"What?" Dean's brows drew together, and he glanced again to the teacher for a translation.

Caroline shook her head. "We do journals everyday-small writings about a certain topic." She too knelt in the floor and met Sam's gaze. "If the students don't complete their assignments, they lose bear claws, points, " she clarified for Dean. "But Sam, you always do a wonderful job on journals. You're one of our best writers."

"I know," Sam said miserably. "I always do good...but...I don't know how to do this one. I just don‘t know how to do it!"

Dean looked at his brother some of the pieces falling into place. Even in kindergarten Sam wanted to do everything just perfect, from making his letters to writing his name. Sometimes he'd get so upset if he'd make a mistake that he'd hide papers from Dean. If he didn’t know how to do something just right, Sam didn’t even want to attempt it. The older boy sighed. He supposed his constant bragging on his little brother's work probably hadn't helped matters. "Sammy, you don't have to know how to do everything. It's okay to have to ask for help. You're still little." Just a baby, really.

"But...Billy said I was stupid," Sam said, a hint of the tears returning. "He said everybody should know what..." Sam's words trailed off and he collapsed against his older brother again, burying his face against Dean's neck.

Dean decided then and there that Billy Cole wouldn't be making any more trips to their house and that he might just have to have a one on one with the six-year-old after school.

“I'll talk to Billy," Caroline told Dean, obviously reading the anger in the green depths.

Dean nodded, and brought a hand up to brush some of Sam's too-long bangs away from his face. "What was it you didn't know, Sammy? Maybe I can help."

Sam shook his head. "You don't know, neither."

"Try me," Dean asked again, and Sam lifted his head to stare earnestly at his brother. "What moms do."

Dean felt his heart clench, and a thousand of those bees and butterflies seemed to be flying around in his stomach as he stared at his little brother. He knew his mouth opened before even hearing his brother's reply, set to give any answer that would make the little boy feel better, but he quickly closed it again when he saw the raw pain in the brown gaze and felt in reflected in his own heart.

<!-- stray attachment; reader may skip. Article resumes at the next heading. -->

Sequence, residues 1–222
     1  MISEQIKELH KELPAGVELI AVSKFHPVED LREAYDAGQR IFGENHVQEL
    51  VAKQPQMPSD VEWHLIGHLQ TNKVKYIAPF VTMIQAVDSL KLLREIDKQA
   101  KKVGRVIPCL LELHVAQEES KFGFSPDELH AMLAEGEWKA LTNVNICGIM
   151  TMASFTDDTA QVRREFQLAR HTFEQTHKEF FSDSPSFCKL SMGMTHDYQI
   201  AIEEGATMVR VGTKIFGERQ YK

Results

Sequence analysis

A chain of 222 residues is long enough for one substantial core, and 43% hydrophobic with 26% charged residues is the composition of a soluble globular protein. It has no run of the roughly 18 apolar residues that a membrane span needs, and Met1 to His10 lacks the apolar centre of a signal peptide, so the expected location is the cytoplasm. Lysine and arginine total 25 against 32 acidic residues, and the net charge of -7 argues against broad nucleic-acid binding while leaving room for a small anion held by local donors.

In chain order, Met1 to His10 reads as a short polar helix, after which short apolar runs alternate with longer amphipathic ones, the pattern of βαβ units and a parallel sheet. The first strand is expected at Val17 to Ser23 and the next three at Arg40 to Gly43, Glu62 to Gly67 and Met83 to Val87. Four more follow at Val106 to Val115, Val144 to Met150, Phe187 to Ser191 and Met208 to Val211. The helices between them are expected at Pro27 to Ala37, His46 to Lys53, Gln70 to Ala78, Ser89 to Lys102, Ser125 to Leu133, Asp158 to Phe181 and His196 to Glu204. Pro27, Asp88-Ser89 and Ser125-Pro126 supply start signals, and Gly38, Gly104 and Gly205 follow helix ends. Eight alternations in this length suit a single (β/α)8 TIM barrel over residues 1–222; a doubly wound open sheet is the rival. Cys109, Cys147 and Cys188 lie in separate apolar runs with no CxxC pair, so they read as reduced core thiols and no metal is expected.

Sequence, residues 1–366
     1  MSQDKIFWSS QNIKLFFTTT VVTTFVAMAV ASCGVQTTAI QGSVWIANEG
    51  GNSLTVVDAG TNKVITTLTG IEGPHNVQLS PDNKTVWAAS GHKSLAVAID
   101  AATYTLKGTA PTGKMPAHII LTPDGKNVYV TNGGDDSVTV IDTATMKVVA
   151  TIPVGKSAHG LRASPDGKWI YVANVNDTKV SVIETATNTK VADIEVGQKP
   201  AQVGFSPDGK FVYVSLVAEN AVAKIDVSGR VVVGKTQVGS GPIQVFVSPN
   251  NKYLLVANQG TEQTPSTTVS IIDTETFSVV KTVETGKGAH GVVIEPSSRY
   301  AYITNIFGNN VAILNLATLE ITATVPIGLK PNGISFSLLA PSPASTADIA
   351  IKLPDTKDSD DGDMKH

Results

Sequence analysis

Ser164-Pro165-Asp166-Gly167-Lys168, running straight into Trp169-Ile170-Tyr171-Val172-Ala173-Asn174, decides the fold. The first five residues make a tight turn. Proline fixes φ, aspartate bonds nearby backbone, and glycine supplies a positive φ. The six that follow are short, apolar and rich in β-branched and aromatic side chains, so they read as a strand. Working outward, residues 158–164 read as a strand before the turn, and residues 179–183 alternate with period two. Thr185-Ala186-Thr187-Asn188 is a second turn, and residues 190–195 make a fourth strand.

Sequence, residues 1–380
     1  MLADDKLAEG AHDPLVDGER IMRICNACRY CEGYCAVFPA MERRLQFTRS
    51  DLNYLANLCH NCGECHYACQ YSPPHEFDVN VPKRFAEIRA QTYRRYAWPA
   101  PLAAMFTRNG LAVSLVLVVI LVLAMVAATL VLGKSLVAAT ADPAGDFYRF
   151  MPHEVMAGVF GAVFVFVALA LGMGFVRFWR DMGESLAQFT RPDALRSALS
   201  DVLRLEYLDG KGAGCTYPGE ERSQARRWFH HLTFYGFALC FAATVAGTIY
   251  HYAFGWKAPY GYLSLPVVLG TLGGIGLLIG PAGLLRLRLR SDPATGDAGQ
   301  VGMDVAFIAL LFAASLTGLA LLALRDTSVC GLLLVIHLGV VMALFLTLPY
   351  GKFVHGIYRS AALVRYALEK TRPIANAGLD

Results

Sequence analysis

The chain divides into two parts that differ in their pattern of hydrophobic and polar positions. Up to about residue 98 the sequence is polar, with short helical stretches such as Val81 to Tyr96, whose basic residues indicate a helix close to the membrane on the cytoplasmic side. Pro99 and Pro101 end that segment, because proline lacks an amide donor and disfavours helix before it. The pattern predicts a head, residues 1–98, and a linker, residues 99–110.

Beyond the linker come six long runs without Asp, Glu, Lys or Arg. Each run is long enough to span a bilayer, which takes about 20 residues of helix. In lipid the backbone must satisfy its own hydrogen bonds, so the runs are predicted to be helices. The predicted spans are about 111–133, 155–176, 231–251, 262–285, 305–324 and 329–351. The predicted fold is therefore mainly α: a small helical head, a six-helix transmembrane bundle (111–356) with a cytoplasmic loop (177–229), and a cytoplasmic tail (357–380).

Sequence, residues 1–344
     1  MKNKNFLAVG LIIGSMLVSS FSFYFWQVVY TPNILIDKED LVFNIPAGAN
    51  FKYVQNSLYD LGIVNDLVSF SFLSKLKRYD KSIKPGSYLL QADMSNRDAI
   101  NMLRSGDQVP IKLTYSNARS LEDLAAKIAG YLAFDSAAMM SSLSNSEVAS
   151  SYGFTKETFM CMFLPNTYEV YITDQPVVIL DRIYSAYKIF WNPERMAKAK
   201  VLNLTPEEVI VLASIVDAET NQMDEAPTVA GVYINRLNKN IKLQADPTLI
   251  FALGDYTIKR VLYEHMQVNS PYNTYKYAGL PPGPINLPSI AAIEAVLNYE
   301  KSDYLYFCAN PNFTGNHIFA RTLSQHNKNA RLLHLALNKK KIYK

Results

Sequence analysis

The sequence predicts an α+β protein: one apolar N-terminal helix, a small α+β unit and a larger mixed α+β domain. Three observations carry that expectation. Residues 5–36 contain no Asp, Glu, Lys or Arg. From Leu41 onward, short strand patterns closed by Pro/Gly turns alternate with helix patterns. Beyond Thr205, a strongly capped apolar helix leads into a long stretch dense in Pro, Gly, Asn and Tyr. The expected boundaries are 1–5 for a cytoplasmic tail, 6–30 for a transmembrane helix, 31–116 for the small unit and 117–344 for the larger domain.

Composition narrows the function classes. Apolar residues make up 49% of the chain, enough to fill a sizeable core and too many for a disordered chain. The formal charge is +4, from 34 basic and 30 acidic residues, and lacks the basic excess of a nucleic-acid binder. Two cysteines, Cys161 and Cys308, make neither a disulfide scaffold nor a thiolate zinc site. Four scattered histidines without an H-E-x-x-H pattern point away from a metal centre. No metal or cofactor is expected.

"Oh dear," Caroline sighed, feeling her own eyes sting. How could she have been so stupid? She usually made sure of these types of issues before doing anything to celebrate Mother’s Day, but Sam had come in at the beginning of Spring term, in early February, and she hadn’t even taken the time to investigate his background. "I'm so sorry," she said and both brothers looked up at her.

"We don't have a mommy," Sam said softly. "She went away when I was a baby so I don't know what one does...Like Stellaluna didn’t know how to be a bat because her mommy was gone…so I can't write about what moms do...and I can't make a picture for her because she's an angel in Heaven," Sam looked back to his brother, "Right, Dean?"

Carolyn watched as a wealth of emotions crossed the older boy’s face and she felt her own heart break as he struggled to come up with something to say to his little brother.

“My mom’s in Heaven, too, Sam,” Carolyn said, sitting down near the boys. “But I had her for a lot of years, so maybe I can tell you the kinds of things she did, and that might help.”

Sam glanced up at his brother with an unsure look, but Dean nodded, and a hint of a smile tugged at the six-year-old’s mouth as he swiped the back of his arm across his eyes, and settled in his older brother’s lap, and pulled Stellaluna close to him as if he were about to be read a story.

“All right then,” Caroline took a deep breath, “for one thing, Moms usually feed their children...”

“Like Bugs?” Sam asked, and although Dean frowned, his teacher smiled.

“Yes, like Stellaluna’s adopted mom fed her bugs. But human moms usually go for things like mashed potatoes, and steak and gravy and...”

“Macaroni and cheese? It‘s my favorite.”

“Yes, Sam, macaroni and cheese, also.“

“Dean fixes it for me,” Sam said proudly, and Caroline hid her smile as the older boy’s face reddened. “But sometimes he fixes spinach, which I hate.”

“But it’s good for you,” Dean pointed out.

“You don’t eat it,” Sam shot back.

“That’s because I’m older. I’m already grown up.”

“Well then, let’s see,” Caroline continued, interrupting the growing argument. “ Mom’s also make sure kids have their baths, and that they brush their teeth, and that they have clean clothes.”

“But Dean makes me take a bath every day,” Sam interjected, with a doubtful raise of his eyebrow. “Did your mom do that?”

“Oh yes, every day is the norm, I’m afraid.” Caroline shook her head in mock sympathy. “And that goes double for the teeth. Brushing should take place both morning and night. At least most moms think so.”

“I have bubblegum tooth paste,” Sam announced. “Dean bought it for me.”

“That was very thoughtful,” Caroline glanced up at Dean, who rolled his eyes.

“What else?” The six-year-old asked. “What else do moms do?”

“Well, you remember when Stellaluna and her adopted brothers and sisters were learning how to fly, don’t you?”

Sam nodded. “Well, mom’s teach their children important things. Like how to tie their shoes, and how to dress themselves, how to cross the road safely, and how to …”